Shakespeare is famous for writing works about love run amok, mistaken identities, and magical locations, which have delighted audiences for centuries. In director Naomi Levin’s original gender-swapping version we get to see this enchanted story come alive with a myriad of new twists and turns.

Local artists from all genres have come together to create a magical event you won’t forget, complete with an art sale and fairy-world lobby display with extraordinary foods and drinks created especially for you – and of course, you will get to see one of Shakespeare’s most celebrated works, for after all,  “the play’s the thing.”

May 12-14: The 2022 Ten-Minute Play Festival

Buy tickets here

Theatre Oxford’s annual 10-Minute Play Festival draws new works from all over the world. The grand prize is $1,000 plus production in arts-loving Oxford Mississippi, a town beloved for its literary history. This season, we’ll produce a handful of the contest winners and runners-up, as well as a couple gems from local authors. The Festival will take place in February at the Powerhouse, Oxford’s arts hub.


2021 10-Minute Play Contest Grand Prize Winner:

867 Deaths of Jesse James: C.A. Munn, dir by Jackie Daniels

Also presenting 2021 10-Minute Play Contest submissions:

Jarring: Leslie Barker, dir by Allie Grant

A.I. Barista: Joe Wolff, dir by Joe Atkins

Skip Intro: John Yunker, dir by Bud Fanton

thirty and next: Matthew Stephen Smith, dir by Daniell Mattern

2019 10-Minute Play Festival, Sept 2019

This past weekend, Theatre Oxford and the Yoknapatawpha Arts Council hosted over 300 audience members for its 2019 Ten-Minute Play Festival–a massive surge in audience turnout from the past several years.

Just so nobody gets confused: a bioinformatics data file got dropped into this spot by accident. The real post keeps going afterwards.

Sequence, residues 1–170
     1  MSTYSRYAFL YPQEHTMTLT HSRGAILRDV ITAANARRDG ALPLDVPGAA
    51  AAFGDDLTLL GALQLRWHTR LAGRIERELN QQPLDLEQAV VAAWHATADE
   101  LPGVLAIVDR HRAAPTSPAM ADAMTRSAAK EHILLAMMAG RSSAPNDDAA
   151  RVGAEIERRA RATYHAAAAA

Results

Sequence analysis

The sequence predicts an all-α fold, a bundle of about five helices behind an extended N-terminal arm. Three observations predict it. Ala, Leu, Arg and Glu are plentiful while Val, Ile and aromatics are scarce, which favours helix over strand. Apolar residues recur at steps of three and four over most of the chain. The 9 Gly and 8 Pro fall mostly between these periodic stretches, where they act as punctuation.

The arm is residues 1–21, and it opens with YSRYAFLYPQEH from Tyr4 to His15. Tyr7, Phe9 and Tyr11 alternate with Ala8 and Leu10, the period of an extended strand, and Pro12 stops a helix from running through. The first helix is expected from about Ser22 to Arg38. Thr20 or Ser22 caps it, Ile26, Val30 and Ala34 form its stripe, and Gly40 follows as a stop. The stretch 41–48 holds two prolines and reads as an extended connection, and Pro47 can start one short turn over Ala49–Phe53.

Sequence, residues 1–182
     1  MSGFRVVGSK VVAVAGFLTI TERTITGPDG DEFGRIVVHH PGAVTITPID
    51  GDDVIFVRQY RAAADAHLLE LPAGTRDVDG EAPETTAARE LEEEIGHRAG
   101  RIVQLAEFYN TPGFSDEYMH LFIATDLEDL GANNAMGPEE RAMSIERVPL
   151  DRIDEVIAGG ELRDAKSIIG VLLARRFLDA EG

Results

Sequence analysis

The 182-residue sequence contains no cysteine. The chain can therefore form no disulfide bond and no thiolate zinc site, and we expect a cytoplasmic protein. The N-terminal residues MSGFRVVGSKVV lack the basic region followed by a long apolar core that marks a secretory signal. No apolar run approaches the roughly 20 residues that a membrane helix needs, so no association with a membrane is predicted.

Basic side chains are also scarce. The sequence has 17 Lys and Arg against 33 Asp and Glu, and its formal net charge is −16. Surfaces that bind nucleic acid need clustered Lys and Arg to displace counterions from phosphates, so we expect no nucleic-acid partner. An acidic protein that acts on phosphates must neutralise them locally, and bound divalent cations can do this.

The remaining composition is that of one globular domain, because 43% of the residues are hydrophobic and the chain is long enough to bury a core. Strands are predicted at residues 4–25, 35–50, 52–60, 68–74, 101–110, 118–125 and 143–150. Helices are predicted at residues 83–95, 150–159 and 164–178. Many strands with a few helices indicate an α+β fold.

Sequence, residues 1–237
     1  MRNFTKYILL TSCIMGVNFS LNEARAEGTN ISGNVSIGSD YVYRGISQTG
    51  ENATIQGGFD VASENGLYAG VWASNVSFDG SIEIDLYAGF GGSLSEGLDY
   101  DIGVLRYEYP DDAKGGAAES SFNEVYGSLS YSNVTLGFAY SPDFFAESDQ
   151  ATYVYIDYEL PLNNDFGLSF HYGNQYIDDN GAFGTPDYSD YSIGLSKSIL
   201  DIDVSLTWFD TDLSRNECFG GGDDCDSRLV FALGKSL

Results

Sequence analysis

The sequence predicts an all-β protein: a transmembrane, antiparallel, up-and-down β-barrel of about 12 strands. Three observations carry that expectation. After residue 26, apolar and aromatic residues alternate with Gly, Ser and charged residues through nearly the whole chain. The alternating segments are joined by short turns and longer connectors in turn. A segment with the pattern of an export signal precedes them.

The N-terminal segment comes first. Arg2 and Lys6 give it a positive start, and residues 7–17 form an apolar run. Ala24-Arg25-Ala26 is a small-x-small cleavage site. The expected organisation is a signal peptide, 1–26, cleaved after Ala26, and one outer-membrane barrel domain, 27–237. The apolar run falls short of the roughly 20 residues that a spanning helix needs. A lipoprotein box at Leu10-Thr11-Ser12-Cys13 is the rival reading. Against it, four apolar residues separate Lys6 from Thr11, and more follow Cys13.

All audience members got a chance to vote on their favorite of the eight short plays, and the audience favorite was Emily McClain’s family comedy “Secret Family Recipes,” directed by Dr. Daniell Mattern, winning by one vote over Chuck Smith’s play, “PayDayus Ex Machina,” a whimsical depiction of the existential conundrums plaguing vending machine snacks, directed by Naomi Levin.

Other audience favorites were “Ashes to Dust,” by Oxford native Kate Leslie, directed by Kate Meacham, and “Grief Has Waltzed on my Heart Tonight,” by local writer William Boyle, directed by UM student James Barton. The entire evening’s production was enhanced by the musical performances of singer Damein Wash and accompanist Adam Stringer.

Theatre Oxford board members were overjoyed by the turnout, and past festival audience members and contributors said that 2019 was the best the festival has ever been.


  • “Ashes to Dust,” by Kate Leslie, dir. Kate Meacham
  • “Dark Matter,” by Donald Loftus, dir. Davis Jones
  • “Grief Has Waltzed on my Heart Tonight,” by William Boyle, dir. James Barton
  • “The Interview,” by Patrice Hamilton, dir. Debra Anderson
  • “Keep a Little Soul,” by Madison Sedlor, dir. Brian Whisenant
  • “The Full Moby Dick Experience,” by Jack Pendarvis, dir. Micaela Kostmayer
  • “PayDayus Ex Machina,” by Chuck Smith, dir. Naomi Levin
  • “Secret Family Recipes,” by Emily McClain, dir. Daniel Mattern